Almost all applications to creative courses will be by interview. To have the best chances, students will need to be able to discuss their work and ideas. Being able to talk openly and passionately is absolutely key. But students may not have the opportunities to develop interview skills. Here are some methods you could employ relatively easily before the interview takes place:
- Give lots of opportunities to students to talk about their work: presentations, seminars, discussions, questions in lectures and workshops, group work etc. Participating in all of these will mean that students are practicing communication about creative issues and ideas.
- Practice interview: peers in the class can ask ask the kinds of questions that interviewers might ask, they don’t need to be artists or designers. Just having someone ask questions will generate some pressure and give students an idea of what it will be like.
- Respond in writing: hand out a sheet of interview questions and ask students to complete and return it in their own time. The benefit here is answers are recorded and can be used as a discussion point for improvement.
- Place questions around the class: students will inevitably try to answer some of the questions.
Common interview questions
Here are some of the questions that applicants were asked. You could use these in a mock interview or give them out as a handout during a lesson on progression. It would be useful to have a class discussion about these questions and see how individuals might respond. Reflecting on some of these points between projects way in advance of applications can also be useful.
- Why have you applied for this particular course?
- What do you expect to achieve whilst studying here?
- How will your contribute to the University or course?
- How did you learn about the course?
- Which newspapers and magazines do you read regularly and why?
- Which art and design journals do you read and why?
- Which films have you seen recently – which filmmakers do you admire and why?
- Are there any books or authors which have made an impression on you?
- Which artists and designers (particularly contemporary) do you admire? Why?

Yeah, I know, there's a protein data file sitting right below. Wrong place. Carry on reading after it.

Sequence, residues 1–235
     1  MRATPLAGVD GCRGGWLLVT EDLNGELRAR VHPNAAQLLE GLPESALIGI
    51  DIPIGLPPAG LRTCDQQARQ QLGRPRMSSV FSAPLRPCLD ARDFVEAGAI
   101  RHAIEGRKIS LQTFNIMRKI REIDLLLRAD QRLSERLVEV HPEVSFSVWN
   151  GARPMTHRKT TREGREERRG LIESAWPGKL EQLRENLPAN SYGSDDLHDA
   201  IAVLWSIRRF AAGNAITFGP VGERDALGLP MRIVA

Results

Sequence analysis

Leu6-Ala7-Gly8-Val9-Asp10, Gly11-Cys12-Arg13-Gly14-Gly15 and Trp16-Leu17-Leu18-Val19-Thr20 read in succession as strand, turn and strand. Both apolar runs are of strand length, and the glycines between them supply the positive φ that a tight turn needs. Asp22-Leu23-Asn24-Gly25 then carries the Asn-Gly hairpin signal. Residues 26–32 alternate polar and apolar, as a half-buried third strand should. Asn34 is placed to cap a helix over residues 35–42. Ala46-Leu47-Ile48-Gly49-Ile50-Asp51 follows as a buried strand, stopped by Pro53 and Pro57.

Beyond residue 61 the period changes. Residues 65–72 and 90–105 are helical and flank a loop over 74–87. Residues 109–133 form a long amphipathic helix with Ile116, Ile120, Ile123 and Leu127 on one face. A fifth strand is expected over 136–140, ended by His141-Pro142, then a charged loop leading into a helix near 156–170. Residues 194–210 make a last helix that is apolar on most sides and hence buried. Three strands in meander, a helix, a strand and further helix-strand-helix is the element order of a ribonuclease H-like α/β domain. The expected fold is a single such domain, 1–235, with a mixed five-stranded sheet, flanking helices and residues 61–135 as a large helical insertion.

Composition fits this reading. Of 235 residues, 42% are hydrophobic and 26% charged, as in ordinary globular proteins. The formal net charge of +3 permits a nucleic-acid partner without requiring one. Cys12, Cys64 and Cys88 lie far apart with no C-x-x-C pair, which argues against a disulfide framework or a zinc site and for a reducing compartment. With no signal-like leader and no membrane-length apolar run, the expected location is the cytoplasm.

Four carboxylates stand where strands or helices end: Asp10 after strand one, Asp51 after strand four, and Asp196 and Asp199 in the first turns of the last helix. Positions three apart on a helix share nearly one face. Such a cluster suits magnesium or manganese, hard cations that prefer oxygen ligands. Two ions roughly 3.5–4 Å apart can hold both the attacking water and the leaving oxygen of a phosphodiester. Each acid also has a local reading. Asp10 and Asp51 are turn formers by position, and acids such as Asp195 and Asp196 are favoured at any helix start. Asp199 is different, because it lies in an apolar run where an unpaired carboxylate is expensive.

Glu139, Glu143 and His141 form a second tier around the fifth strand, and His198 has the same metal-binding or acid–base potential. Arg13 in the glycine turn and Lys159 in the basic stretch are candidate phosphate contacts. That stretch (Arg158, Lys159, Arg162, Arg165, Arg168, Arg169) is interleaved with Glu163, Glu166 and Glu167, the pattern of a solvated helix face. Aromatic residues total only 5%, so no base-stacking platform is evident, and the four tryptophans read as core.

- What exhibitions have you seen recently and what did you think?
- Have you any strong passions which you find to be a motivating force?
- What will you do if you are not offered a place?
- Do you believe that your portfolio of work properly represents your past performance and future potential?
- What has your course been like and what have you learnt?
- What are your major strengths?
- What are your major weaknesses?
- Is there a particular piece of work or project that you learnt a lot from?
- What are you trying to communicate through your favourite piece of work?
- Which piece of work do you think is the strongest in your portfolio?
- What questions do you wish to ask? Definitely have a short list of questions – these will depend on what information you were able to find out about the course.
At the interview
It is very difficult to determine what kind of an interview it will be. Students have all sorts of stories about the questions they get asked and how surprised they were, which is why practicing can only be a good idea. However, regardless of the questions, here are some tips to give to students:
- Make it personal: when talking about work or projects, avoid saying: “we did” or “we were asked to”. Starting sentences with: “I thought it would be interesting to…” sounds more independent.
- Open: try not to be defensive. Most discussions that sound negative are actually trying to focus attention on something that may have been missed. Take these points positively and appreciate that the interviewer is taking time to look at the work.
- Listen and look: listen to the points that are being raised. Try and make sure this is noticed by using positive body language. Take note of the interviewers body language and responses to your points and questions. This will help steer the discussion as much as possible.
- Talk: stick to the point at hand, but talk passionately. Most importantly, focus on personal interests and what ideas were behind the work. If the interviewer is having to ask too many questions, they may feel the applicant is not confident about your work. Putting a little energy into your tone and sentences can make even the most insignificant point seem exciting.
- Open to improvement: try not to infer the work is perfect or resolved by keeping in mind there is always room for improvement. Suggest ways the work could be taken further, but don’t make excuses for the way it is.
At the end of the interview:
There will usually be some time allocated to students to ask questions. This is where many students get a little stuck because they have focused so much on their work and the effort to impress. However, having some good questions will demonstrate students are keen on having a positive experience. It will also demonstrate an awareness of what it takes to study well. Here are some useful questions students may want to have before their interview:
- Are students allocated their own space?
- What is access to workshops like?
- What are the enrichment activities like?
- How often will I be able to see my personal tutor?
- Is the academic tutoring separate to the pastoral?
- Who were recent guest speakers?
- Do they have an exchange programme with other Universities?
- Is there opportunity to exhibit during the course?
- Are there relationships with employers?